By Kira M. Newman – In a recent study, RJMetrics found that the tech community was about 29% female, with some cities scoring as low as 17% or 20%. Sam Altman just released some Y Combinator statistics on diversity, revealing that 19.5% of the startups they’ve funded this year have women on the founding team. Women are underrepresented in startups, and particularly in programming, and many organizations are out to change that.
Coding bootcamps are the newest wave of programming education, offering students an intensive education in coding over several months. Many programs offer help landing a job afterward, or give you a refund if you don’t get hired in a certain amount of time.
- Dev Bootcamp (New York, Chicago, San Francisco): Women who are members of Girl Develop It are eligible for one of 10 Girl Develop It scholarships in 2014, which give you a $2,500 discount on tuition.
- Metis (New York, Boston): Women and minorities are eligible for a $2,000 scholarship.
- General Assembly (New York only): The Google Fellowship for Women offers a discount of $8,500 on the Web Development Immersive course, lowering the cost to $3,000. This scholarship is part of the Opportunity Fund, a program designed to promote diversity in partnership with organizations like Google and Microsoft. If you take the scholarship, you have to do 100 hours of youth mentoring with tech education nonprofits.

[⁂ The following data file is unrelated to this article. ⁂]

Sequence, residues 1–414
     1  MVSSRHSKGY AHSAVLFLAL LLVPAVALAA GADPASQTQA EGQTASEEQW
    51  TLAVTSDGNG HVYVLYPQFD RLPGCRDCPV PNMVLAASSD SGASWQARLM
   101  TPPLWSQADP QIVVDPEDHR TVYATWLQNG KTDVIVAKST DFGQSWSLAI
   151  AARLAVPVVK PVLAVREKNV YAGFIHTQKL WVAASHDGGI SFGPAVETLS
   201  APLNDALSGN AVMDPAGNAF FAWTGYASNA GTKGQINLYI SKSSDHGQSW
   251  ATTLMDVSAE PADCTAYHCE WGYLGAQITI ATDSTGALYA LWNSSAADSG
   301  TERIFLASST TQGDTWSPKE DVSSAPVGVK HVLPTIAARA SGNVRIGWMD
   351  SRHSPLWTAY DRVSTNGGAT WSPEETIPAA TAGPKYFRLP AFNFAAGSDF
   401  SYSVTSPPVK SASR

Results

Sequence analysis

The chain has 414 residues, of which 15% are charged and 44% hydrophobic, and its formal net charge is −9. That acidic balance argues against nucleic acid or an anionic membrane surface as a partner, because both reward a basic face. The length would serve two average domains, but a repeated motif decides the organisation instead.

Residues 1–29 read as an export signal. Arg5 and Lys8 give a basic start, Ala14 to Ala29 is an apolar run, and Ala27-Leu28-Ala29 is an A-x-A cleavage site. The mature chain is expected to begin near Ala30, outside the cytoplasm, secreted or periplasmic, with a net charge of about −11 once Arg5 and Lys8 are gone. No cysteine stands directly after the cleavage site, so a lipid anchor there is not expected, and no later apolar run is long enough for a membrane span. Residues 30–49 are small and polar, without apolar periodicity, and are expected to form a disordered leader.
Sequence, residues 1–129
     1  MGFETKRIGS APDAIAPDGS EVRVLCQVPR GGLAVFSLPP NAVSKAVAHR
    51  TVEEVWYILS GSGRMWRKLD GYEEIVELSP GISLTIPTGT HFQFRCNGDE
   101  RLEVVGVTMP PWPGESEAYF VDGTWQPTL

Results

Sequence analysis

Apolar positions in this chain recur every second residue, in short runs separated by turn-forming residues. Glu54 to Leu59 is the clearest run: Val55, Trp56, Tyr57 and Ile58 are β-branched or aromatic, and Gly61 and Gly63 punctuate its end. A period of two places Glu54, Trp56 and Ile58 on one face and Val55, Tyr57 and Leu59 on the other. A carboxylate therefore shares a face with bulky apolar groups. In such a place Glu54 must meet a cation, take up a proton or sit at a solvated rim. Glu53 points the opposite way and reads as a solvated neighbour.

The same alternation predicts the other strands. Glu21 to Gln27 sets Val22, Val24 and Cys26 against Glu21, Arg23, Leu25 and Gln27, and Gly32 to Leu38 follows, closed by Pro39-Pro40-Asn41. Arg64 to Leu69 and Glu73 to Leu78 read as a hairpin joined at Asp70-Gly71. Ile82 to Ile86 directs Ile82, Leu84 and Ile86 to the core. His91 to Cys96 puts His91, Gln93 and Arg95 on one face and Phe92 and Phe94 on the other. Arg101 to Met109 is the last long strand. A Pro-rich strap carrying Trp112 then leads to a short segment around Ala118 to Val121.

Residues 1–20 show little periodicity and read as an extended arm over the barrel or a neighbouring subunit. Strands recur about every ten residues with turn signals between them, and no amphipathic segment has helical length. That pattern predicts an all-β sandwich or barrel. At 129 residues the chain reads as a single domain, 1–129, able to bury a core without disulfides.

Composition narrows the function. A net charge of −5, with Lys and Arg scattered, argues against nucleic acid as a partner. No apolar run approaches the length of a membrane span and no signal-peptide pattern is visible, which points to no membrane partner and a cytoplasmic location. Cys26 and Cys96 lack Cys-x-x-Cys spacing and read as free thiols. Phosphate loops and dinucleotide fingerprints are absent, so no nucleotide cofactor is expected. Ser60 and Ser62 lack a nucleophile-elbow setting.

- Ironhack (Miami, Madrid, Barcelona): Women are eligible for a scholarship of 1000 euros (almost $1,350).
- RefactorU (Boulder): Women (as well as retired and active military personnel and their spouses) get a 20% discount on the Web Development bootcamp, worth $2,700.
Read the full list of 16 programming bootcamp scholarships for women here.
About The Contributor
Kira M. Newman is a Tech Cocktail writer interested in entrepreneurship, work-life balance, and positivity. Since 2011, she has been traveling around the world interviewing entrepreneurs in Asia, Europe, and North America. Follow her @kiramnewman or contact firstname.lastname@example.org.
This article was originally published on Tech Cocktail, and republished here with permission.